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Columns

  • In the legislative homestretch at last

    State Rep. Lloyd Arnold

    District 74

     

    With the Kentucky Derby right around the corner, as you know, a lot can happen before the horses cross the finish line. Like any race, the Kentucky Derby is very comparable to the legislative session, and we are officially in the homestretch.

  • Ohio’s ‘Little Perry County’

    Vince Luecke

    Editor

    editor@perry countynews.com

     

    I received a nice letter recently from Don Bouillon of Fostoria, Ohio, who thanked me for an Easter column about the late Brother Rene Bouillon OSB.

    Brother Rene, a cousin to Don Bouillon, was an assistant at St. John Chrysostom Church in New Boston during my childhood and teenage years. The column was about serving Mass for Brother Rene during Holy Week.

  • We must embrace our history

    Don Steen

    Staff Writer

    reporter@spencercounty journal.com

     

    I recently had an opportunity to sit down and talk with Father Cyprian Davis at St. Meinrad Archabbey about his experiences in Selma, Ala., and the civil-rights movement as a whole.

  • Options bound when it comes to French green beans

    Jeneen Wiche

    Weekend Gardener

     

    I have loved green beans ever since I grew Tenderette in the fifth grade for my 4-H project at Simpsonville Elementary. 

    Now, I primarily grow the filet types of green beans, or what many call French beans or haricots verts (green bean in French). Why the European designation? Benjamin Watson explains, “Americans prefer those varieties of snap beans that remain stringless for a long time on the bush or remain fresh in the refrigerator for a long time after picking.

  • Lost and found in the Hoosier National Forest

    Vicki Gullang-Harris

    Hoosier National Forest

     

    Spring is a wonderful time to spend outdoors. Unfortunately, for some adventurous folks who venture off trail, a day of fun exploration could turn to fear as they realize they have become lost.

    With a bit of preparation, becoming lost can be avoided. Proper planning helps ensure your safety. It will also increase your ability to deal with unexpected situations should they arise.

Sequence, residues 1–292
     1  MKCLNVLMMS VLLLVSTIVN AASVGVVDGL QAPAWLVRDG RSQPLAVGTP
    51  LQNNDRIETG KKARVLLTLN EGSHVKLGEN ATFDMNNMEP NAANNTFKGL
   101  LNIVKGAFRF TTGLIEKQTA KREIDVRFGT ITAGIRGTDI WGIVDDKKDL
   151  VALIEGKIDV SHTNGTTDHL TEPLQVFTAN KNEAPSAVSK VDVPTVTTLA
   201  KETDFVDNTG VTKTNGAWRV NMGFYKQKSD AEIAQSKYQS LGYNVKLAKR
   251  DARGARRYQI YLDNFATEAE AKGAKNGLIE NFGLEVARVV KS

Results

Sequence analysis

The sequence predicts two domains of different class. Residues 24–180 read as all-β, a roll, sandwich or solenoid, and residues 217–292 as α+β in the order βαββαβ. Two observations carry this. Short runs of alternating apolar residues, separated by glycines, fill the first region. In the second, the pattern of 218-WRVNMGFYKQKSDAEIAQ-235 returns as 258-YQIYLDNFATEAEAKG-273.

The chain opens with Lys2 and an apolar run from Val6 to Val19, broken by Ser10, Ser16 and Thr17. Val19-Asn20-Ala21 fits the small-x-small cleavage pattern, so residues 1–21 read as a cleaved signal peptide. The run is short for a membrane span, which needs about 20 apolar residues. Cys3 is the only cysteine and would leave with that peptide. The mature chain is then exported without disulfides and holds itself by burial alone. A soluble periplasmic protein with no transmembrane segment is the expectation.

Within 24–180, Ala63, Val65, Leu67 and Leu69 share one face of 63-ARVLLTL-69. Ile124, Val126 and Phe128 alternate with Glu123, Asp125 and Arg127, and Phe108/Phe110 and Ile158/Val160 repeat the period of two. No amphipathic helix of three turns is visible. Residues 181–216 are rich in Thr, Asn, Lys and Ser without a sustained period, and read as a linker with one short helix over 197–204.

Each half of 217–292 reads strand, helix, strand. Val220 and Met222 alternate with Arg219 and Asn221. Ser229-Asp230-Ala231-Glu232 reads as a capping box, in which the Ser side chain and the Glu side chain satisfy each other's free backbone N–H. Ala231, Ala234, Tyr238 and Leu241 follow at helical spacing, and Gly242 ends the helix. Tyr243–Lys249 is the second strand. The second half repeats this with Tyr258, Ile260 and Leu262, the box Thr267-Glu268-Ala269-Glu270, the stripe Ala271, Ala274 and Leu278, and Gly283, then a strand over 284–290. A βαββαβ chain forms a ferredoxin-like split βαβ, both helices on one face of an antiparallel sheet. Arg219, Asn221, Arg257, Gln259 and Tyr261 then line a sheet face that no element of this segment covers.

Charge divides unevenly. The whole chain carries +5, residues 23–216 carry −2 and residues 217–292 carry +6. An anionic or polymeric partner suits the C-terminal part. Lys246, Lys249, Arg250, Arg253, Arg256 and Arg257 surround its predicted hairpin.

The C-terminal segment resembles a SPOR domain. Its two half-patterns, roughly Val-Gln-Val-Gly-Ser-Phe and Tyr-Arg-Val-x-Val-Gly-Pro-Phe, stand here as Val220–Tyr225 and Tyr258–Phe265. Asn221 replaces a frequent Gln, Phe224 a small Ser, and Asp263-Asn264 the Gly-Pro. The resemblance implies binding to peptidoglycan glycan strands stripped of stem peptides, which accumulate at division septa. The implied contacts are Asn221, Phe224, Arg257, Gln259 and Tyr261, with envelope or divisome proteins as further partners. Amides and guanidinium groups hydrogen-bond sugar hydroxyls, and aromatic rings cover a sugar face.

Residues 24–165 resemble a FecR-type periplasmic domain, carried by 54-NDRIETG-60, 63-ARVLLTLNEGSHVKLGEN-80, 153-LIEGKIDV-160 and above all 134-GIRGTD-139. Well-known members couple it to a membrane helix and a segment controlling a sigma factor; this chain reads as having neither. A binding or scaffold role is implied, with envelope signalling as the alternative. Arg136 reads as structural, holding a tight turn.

• Touched by a tornado

    JIM ADKINS

    GUEST COLUMNIST

     

    ThePerry County News recently had a story recalling the April 1974 outbreak of tornadoes that rampaged across our region. After reading about and remembering that episode from years ago, I thought I’d write a personal account about a more recent occurrence of deadly winds that tore through southern Indiana. April is tornado season here, and as the News suggested, we should all be prepared for the capricious nature of the weather.

  • A silly dare and a nun

    Vince Luecke

    Editor

     

    editor@perry countynews.com

    I don’t have a lot of time to attend auctions but I suspect quite a few people will be interested in one coming up April 30. A variety of items, including school desks, from St. Mark Church’s rectory and former school will hit the auction block at 5 p.m. at Dixon’s Auction Service in Tell City. Several folks from the parish showed me a few of the desks that will be auctioned.

  • For the media, traditional values still matter

    Lee Hamilton

    Center for Congress

     

    I have been involved in politics and policy-making for more than 50 years, and as you can imagine I hold strong feelings about reporters and the media. They’re not what you might think, however.

  • We enforce the laws to save lives

    JOHN ALLEN

    GUEST COLUMNIST

     

    If there is one thing I could urge all motorists – drivers, passengers, front seat, back seat, all ages – to do every time you get in a vehicle, it’s buckle up.

    It is the single-most effective way to avoid being killed in a crash. Would you ever ride a roller coaster without the harness down? Would you ever skydive without a parachute? When you ride in a motor vehicle without a seat belt, you are taking a huge risk. One you can’t afford.

  • Small towns still matter

    CHRIS FLOOK

    GUEST COLUMNIST

     

    In slightly over a year, Indiana will celebrate its bicentennial with fireworks, parades and plenty of speeches in small towns across the state that are quickly emptying and nearly forgotten as a generation or two rushes to fill up larger cities and their adjacent suburbs.